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Flashcards in antibacterials Deck (152):
1

drugs that target cell wall

beta-lactams, vancomycin, fosfomycin, bacitracin

2

general properties of B-lactams

bactericidal, activity maximal on growing bacteria, G+ and G-, bind PBPs irreversibly, inhibits transpeptidase activity that catalyzes cell wall cross-links (can result in rapid lysis + stx)

3

resistance to B-lactams

Beta-lactamase, altered PBPs, intrinsic resistance of some G- due to porins

4

what type of killers are B-lactams?

time-dependent: keep drug 4X above MIC for > 50% of total treatment time
have short half life, so more frequent dosing

5

well distributed (low to CSF except during meningitis), some oral, some IV/IM, renal elimination w/ anion transport, short half-lives

penicillins

6

types of penicillins

amoxicillin, ampicillin, penicillin G, penicillin V, piperacillin, ticarcillin, oxacillin

7

penicillin G & penicillin V

V = oral, G = IV/IM
for anaerobes, esp G+ (except B. fragilis)
also for non-B-lactamase-producing G+ (1st line for strep throat), also B. anthracis, s. pneumo, NOT staph or enterococcus
used for syphilis, n. meningitidis

8

penicillin used for B-lactamase-positive staphylococci

oxacillin, "methicillin-type drugs"

9

drug used for otitis media in otherwise healthy kids

amoxicillin

10

used for B-lactamase-negative G+ bugs (listeria, strep) including enterococcus (UTI)
expanded G- spectrum (includes neisseria, haemophilus, e. coli, salmonella

ampicillin, amoxicillin

11

alternate choice for lyme disease, in kids or pregnant/breast-feeding women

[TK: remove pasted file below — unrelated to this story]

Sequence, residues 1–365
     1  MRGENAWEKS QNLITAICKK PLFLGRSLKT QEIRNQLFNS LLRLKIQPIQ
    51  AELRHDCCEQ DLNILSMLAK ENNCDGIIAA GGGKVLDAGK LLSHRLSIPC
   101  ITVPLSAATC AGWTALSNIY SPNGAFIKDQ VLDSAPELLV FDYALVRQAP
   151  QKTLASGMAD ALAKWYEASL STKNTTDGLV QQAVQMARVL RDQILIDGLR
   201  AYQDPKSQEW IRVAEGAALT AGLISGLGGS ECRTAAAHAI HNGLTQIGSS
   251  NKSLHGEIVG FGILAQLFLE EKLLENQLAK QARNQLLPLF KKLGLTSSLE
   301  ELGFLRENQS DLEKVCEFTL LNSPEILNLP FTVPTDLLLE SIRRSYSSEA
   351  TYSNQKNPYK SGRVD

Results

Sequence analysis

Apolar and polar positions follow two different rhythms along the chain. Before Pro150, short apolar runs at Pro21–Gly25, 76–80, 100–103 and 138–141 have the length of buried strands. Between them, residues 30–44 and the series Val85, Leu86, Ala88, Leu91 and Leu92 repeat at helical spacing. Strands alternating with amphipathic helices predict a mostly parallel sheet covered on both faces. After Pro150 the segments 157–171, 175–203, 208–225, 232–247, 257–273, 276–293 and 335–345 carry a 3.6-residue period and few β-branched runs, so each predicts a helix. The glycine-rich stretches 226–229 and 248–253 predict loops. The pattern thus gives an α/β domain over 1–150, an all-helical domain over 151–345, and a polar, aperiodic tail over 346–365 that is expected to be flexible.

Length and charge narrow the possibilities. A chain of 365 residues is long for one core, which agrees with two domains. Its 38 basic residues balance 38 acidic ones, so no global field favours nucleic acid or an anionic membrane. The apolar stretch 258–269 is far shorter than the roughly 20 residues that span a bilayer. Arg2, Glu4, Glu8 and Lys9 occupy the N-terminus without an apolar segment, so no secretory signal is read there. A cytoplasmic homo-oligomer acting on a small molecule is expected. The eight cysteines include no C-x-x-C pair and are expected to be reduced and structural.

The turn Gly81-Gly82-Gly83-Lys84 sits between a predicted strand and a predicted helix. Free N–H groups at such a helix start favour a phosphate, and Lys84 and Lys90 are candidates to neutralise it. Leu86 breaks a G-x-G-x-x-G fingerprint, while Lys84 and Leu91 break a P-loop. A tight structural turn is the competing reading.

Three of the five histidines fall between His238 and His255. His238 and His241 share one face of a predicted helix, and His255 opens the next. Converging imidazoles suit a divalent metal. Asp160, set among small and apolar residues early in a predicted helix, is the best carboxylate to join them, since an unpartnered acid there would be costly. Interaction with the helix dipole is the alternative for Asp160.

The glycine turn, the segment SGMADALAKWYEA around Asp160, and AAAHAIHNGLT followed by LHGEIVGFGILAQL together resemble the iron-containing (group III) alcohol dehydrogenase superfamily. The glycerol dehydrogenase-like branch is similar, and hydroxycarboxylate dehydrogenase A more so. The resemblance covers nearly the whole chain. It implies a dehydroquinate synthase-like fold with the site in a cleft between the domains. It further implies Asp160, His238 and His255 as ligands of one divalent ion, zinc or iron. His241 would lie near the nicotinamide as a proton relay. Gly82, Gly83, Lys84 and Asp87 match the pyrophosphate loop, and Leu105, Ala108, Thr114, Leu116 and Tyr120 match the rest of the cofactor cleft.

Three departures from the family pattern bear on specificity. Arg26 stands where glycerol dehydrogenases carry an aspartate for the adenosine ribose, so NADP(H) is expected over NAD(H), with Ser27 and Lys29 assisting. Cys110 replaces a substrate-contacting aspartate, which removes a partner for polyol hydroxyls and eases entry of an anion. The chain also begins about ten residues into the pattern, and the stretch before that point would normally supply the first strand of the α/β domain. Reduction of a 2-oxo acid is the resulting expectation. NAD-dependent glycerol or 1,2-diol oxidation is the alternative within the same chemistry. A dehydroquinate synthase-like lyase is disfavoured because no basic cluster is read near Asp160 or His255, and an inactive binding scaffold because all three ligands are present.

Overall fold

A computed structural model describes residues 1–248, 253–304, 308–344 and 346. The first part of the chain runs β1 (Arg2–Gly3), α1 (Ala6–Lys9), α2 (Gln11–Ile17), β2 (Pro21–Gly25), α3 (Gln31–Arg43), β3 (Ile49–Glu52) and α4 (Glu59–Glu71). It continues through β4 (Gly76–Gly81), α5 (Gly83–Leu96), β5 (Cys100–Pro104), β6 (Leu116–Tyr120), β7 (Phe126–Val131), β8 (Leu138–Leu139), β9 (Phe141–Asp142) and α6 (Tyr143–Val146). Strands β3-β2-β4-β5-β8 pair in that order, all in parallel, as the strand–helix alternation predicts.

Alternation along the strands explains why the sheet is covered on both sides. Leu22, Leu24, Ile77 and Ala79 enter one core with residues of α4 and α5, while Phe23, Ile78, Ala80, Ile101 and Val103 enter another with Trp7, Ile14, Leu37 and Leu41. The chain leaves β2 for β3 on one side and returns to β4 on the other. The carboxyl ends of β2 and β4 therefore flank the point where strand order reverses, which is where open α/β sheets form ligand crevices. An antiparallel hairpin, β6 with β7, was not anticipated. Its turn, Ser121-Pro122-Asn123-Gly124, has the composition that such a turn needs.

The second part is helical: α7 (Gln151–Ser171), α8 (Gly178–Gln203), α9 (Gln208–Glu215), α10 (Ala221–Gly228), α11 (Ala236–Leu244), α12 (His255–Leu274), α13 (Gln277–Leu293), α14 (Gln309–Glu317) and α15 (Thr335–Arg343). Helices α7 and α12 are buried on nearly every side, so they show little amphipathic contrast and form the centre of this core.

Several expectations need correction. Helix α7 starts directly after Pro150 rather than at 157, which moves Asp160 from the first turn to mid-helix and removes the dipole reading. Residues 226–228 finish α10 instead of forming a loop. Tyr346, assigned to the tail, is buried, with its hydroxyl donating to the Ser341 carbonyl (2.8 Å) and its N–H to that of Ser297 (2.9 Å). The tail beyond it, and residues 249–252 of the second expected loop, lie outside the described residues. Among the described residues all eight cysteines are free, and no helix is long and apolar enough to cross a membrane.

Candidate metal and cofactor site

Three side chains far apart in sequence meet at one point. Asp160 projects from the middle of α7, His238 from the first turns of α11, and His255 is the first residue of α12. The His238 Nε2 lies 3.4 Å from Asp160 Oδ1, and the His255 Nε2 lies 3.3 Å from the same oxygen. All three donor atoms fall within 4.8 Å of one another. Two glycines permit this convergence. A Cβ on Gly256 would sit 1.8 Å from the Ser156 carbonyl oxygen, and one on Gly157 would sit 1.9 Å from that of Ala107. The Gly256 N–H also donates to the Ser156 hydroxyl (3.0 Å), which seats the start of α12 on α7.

amoxicillin

12

2 uses of ampicillin not found with amoxicillin

meningitis (neisseria, listeria) b/c IV
GI infections (shigella) b/c less orally absorbed

13

broad G- with some G+ activity, good for some anaerobes if used with clavulanate, anti-pseudomonal, susceptible to B-lactamases

ticarcillin

14

gram-negative spectrum similar to ticarcillin but also with pseudomonas, klebsiella, also ones that are ticarcillin-resistant
often used with B-lactamase inhibitor

piperacillin

15

allergic reactions to B-lactams

anaphylaxis, serum sickness, dermatitis, maculopapular rash, fever, diarrhea, enterocolitis, elevated liver enzymes, hemolytic anemia, seizures

16

excretion metabolism of penicillins

mostly renal (80% anionic excretion/20% glomerular filtration), 30% hepatic metabolism

17

skin test, 90-95% reliable at IDing risk for serious allergic reaction

PRE-PEN

18

penicillin administration

some only IV/IM, some oral, generally well-distributed, generally short half-lives, CNS distribution poor but increases with inflamed meninges

19

slow-release IM forms of penicillin

procaine, benzathine penicillin

20

B-lactamase inhibitors + mechanism

clavulanic acid, tazobactam
B-lactam "analogs" that bind irreversibly to B-lactamase

21

B-lactamase inhibitor works with?

class A B-lactamases, including plasmid-encoded forms
restores utility of some B-lactams (ampicillin, amoxicillin, ticarcillin, piperacillin)

22